Eurozone Inflation Now Principally Demand-Driven, ECB’s Schnabel Says

29 March 2023

By Xavier D’Arcy – WASHINGTON, D.C. (Econostream) – Inflation in the euro area is now being driven principally by domestic demand rather than supply-side factors, European Central Bank Executive Board member Isabel Schnabel said on Wednesday.

Speaking at the NABE Economic Policy Conference, Schnabel said that core inflation was proving to be stickier than headline inflation, causing headaches for central bankers.

There had been a ‘rotation’ in euro area inflation ‘from supply side factors to demand side factors’, she said. Supply side factors were ‘dropping out […] but then on the other hand […] the demand side factors are now kicking in.’

This demand side-driven inflation ‘is something that central banks know how to deal with normally, but also, these may be things that are more self-sustained, that is not simply going to disappear so it requires a monetary policy reaction’, she said.

Core inflation ‘has stabilised in the US but it's still moving upwards in the euro area’, she said. ‘In general I think the message is that core inflation is proving to be much stickier than headline inflation… and of course, this causes some headaches’ for central bankers, she said.

In her view, it was possible falling energy prices would only have a limited impact on core inflation, despite having been a big contributor to rising underlying price pressures. The energy shock ‘really moved very quickly in into core inflation’, she said. ‘And now that the interesting question is, is it going to drop out at the same speed? My suspicion is that it is not the case […] and it's not even clear whether it's going to be completely symmetric in the sense that everything is even going to drop out at all.’

The lack of pass-through of energy prices to core inflation was ‘one of the factors that explains why core inflation is more persistent’, she said.

Regarding recent financial instability, the situation was less acute in the euro area compared to the US, in her view: ‘It looks like we have a somewhat smaller problem than we're seeing in the US… at least so far, it looks that as if our banks were actually quite resilient.’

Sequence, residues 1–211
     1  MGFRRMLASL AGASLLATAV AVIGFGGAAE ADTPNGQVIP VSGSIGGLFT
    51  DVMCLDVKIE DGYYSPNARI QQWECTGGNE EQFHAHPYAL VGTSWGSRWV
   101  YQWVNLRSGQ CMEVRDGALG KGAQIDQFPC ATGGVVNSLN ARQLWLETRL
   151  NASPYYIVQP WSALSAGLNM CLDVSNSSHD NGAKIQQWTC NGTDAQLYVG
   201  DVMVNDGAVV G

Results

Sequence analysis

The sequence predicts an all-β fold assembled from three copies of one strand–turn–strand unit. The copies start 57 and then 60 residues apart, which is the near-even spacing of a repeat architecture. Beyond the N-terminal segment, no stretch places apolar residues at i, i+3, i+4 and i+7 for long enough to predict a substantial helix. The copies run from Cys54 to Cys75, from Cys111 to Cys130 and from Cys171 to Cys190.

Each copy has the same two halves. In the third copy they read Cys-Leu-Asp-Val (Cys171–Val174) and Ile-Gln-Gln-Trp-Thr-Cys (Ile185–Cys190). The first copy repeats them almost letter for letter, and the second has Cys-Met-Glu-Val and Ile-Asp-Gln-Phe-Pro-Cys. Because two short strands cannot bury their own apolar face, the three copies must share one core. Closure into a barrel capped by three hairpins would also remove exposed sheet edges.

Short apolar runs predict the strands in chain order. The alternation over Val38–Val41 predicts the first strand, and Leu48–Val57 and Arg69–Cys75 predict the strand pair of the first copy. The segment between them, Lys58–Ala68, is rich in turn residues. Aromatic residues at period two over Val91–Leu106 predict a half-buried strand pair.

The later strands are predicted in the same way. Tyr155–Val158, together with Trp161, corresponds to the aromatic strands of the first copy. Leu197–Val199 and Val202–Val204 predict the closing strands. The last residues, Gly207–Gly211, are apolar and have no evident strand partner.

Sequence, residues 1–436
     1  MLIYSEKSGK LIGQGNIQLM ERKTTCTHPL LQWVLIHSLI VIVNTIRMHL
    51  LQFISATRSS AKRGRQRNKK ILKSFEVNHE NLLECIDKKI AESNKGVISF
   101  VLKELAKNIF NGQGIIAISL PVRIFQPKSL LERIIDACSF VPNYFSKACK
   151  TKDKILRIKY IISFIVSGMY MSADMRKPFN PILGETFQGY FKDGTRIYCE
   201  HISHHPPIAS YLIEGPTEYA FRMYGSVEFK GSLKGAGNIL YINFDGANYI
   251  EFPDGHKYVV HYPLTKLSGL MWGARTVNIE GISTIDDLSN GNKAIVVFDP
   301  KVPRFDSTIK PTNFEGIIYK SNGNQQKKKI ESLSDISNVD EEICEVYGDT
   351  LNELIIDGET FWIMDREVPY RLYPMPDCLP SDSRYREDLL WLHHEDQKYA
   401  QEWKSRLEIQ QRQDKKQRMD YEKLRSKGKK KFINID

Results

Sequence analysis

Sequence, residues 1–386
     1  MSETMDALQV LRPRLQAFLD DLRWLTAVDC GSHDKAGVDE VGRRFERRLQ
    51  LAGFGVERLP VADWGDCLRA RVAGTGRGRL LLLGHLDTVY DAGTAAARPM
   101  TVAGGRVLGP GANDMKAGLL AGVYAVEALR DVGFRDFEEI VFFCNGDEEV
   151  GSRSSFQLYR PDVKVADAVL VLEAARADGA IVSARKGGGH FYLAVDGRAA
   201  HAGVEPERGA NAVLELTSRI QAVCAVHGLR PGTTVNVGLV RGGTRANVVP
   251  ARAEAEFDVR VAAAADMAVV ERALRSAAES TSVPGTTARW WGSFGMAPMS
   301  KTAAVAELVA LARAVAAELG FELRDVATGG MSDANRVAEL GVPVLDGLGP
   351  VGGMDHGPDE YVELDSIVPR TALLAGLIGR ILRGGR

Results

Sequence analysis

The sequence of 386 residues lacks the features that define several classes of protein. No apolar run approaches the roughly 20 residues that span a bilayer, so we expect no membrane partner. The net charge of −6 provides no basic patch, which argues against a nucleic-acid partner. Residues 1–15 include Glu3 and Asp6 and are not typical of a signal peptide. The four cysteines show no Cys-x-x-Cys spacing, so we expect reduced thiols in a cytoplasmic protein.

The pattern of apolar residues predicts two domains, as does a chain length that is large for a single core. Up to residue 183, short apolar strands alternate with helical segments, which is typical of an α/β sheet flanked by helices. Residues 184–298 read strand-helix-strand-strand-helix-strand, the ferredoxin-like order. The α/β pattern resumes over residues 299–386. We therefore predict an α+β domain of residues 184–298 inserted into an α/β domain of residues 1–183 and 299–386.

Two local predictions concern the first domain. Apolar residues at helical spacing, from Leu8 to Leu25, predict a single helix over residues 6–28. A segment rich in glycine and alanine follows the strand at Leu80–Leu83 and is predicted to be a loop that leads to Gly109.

‘I would say at the moment from the financial stability side, this all looks resilient’, she said.

The implications of recent developments for monetary policy were uncertain, though likely to be disinflationary, she argued. She expected ‘the effects will be somewhat smaller than in the US, but nevertheless, you cannot exclude that what is happening now has an impact on credit conditions, on credit supply, and so directionally it's very clear that this would have a disinflationary effect, which we would need to take into account in our decisions.’

She said it was ‘completely open for now how big that effect is going to be.’

Labour markets ‘continue to be very tight… at the same time, a real wages have come down […] so it's maybe not surprising that this leads to an upward pressure on wage growth’, she said. On the other hand, ‘the rise in profit margins was a major driver in inflationary developments’ in the euro area.

The post-pandemic economic circumstances ‘were such that it became very easy for [firms to increase prices]’, she said. The rise in profits showed that ‘the brunt of that burden is being borne by the workers, and I'm not surprised that not everybody's happy about that’, she said.

She said that the latest data ‘would suggest that further declines in how house prices should be likely, and it also shows that the decline should be stronger in the US than in the euro area.’